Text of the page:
By Thomas Cowley
This past Friday marked the beginning of the eighth generation of game consoles with the debut of Sony's PlayStation 4. Well that is not entirely true. The Wii U came out exactly this day one year ago, but few would remember that and even fewer own a Wii U so there is that.
And though there has been a significant amount of criticism surrounding both the PlayStation 4 and the Xbox One, it seems like people have still flocked to the new system like so many moths to a flame. Preliminary numbers show that the PlayStation 4 has sold over one million units in the first 24 hours of release. That is one million just in North America mind you, a number that is sure to grow once the system becomes available in Europe on November 29th.
These numbers are not entirely surprising; Sony predicted that they would sell 3 million units by New Years Day, and pre orders for the system have been so high that many retailers have had to stop or even cancel orders. Of course, the upcoming Holiday season is sure to push both the sales numbers and the shortage of consoles even farther as the year comes to a close. How well the Xbox One does remains to been seen of course, but if the sales and demand for the PlayStation 4 are any indication, then Microsoft is sure to be looking at a positive year shortly.
The bigger problem is that the system seems to have a case of the lumpkins and snarks, if you will excuse the Game of Thrones reference.
Apparently the PlayStation 4 is suffering from two separate issues, one dubbed the red line of death, (which harkens back to the Red Ring of Death that the Xbox 360 suffered from during its initial launch) and a blue light of death, (which is too similar a name in my mind so I will instead call it the Blue Light of Perpetual Failure).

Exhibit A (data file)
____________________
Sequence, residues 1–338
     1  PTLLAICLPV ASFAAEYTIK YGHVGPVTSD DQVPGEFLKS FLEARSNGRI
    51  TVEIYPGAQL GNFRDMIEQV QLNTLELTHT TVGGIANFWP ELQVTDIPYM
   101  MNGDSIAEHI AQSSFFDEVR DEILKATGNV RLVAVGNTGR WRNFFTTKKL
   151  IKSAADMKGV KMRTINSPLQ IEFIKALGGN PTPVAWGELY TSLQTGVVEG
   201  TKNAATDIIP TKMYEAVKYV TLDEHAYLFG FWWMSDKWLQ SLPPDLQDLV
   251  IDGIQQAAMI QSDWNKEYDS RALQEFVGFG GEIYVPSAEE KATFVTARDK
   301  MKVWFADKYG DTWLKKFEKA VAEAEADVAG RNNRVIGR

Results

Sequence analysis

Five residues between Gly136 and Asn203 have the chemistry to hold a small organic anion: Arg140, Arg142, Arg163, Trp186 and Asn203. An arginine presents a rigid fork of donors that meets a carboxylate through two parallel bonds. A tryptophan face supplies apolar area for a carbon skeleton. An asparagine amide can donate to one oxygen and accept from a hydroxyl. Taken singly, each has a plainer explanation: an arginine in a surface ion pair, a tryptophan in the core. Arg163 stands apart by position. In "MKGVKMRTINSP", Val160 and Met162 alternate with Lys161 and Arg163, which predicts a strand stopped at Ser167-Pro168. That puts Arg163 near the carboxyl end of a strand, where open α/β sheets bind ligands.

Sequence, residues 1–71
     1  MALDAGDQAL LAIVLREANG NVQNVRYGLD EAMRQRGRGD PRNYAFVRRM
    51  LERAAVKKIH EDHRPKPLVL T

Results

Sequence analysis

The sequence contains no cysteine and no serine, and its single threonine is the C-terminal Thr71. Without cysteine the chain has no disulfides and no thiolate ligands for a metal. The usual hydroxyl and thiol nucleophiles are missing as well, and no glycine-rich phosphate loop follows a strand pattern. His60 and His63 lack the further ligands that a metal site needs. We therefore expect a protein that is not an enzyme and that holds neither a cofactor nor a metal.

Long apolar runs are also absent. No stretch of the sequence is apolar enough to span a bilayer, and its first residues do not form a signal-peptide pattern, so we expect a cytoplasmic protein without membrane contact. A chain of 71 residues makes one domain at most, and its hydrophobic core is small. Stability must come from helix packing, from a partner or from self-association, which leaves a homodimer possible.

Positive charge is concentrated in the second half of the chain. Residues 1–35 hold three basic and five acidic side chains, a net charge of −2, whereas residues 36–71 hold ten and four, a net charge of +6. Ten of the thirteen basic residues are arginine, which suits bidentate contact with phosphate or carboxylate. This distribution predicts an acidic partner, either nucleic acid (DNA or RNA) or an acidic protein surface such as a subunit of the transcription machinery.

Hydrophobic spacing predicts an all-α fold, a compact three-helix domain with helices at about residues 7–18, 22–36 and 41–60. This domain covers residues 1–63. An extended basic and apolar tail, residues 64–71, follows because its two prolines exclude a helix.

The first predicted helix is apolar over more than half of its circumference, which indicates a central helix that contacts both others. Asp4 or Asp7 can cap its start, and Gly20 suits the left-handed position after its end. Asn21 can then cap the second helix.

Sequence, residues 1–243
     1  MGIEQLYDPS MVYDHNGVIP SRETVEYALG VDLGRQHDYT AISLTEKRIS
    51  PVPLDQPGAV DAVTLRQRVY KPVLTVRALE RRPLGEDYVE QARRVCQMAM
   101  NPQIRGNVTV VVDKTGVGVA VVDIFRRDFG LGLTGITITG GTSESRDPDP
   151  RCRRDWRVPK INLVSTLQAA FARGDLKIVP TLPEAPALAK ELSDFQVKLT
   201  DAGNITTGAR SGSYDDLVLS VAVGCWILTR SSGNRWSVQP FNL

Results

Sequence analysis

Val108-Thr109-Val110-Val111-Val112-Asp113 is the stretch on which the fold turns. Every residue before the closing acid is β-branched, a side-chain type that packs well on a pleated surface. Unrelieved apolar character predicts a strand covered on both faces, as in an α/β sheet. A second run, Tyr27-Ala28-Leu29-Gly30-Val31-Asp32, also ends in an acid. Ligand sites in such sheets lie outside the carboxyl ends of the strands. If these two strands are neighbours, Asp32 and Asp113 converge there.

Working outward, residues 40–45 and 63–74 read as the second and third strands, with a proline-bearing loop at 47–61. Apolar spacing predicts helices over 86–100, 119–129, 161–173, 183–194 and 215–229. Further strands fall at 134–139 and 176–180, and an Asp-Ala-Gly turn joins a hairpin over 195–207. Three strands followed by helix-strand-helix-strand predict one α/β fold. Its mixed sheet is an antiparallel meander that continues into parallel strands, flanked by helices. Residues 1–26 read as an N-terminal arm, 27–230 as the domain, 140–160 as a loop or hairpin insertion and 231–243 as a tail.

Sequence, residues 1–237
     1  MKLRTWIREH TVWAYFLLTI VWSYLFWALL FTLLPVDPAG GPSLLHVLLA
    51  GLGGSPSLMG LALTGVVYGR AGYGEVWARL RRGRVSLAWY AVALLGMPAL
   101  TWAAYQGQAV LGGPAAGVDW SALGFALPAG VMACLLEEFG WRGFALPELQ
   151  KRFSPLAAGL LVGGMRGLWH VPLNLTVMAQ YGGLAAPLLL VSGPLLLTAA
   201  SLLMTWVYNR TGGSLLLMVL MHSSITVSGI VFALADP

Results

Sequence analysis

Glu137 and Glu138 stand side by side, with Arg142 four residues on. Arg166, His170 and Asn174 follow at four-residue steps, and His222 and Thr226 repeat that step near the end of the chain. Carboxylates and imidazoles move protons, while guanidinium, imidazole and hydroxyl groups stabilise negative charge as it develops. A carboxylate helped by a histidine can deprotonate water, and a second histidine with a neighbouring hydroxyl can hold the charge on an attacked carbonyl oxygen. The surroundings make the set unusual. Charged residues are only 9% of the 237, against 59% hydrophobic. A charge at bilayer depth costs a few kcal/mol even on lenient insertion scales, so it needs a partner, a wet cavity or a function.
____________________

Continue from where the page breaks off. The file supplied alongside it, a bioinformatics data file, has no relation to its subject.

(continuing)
According to sources, the red line of death is due to an overheating of the system which seems to stem from the internal fan not turning on. The Blue Line of Perpetual Failure however seems to result from a list of possible culprits according to Sony's forum guide including, TV compatibility, issues with the systems power supply, or hard drive, or "other" issues with the hardware or software. Now I'm not a professional, but I am a Sherlock Holmes fan so using a similar approach I believe I have deduced that the only aspect of the system that is not at fault is the plastic causing surrounding the device. Whew! Well that is one mystery solved! Time for tea.
Hilarious banter aside, it does seem that Sony's statement might as well say "anything could be the problem, we just don't know what" for all intents and purposes. And while they are at least making an attempt to fix things, I cannot help but find it rather ironic that Sony would not learn from example and instead fall into the same pitfalls that their primary competitor did 8 years ago. As for the customers, well that's why it comes with a warranty.